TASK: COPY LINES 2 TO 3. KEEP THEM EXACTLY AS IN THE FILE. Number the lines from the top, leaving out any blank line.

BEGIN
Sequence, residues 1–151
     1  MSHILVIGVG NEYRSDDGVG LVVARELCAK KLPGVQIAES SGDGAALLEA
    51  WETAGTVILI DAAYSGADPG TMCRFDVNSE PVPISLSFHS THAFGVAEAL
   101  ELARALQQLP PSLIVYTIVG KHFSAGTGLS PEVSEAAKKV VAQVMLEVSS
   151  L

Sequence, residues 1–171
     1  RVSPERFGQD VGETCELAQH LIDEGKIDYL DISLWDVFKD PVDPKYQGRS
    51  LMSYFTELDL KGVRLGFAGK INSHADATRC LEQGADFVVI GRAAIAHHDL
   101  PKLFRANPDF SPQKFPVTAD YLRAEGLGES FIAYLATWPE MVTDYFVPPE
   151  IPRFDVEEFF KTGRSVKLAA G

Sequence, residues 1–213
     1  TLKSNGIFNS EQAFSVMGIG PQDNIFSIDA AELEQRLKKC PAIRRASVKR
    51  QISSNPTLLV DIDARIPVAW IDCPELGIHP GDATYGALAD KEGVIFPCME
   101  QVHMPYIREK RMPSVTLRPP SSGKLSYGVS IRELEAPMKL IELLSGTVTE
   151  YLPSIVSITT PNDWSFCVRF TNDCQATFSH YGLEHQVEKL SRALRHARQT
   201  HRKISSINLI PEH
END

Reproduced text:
     1  MSHILVIGVG NEYRSDDGVG LVVARELCAK KLPGVQIAES SGDGAALLEA
    51  WETAGTVILI DAAYSGADPG TMCRFDVNSE PVPISLSFHS THAFGVAEAL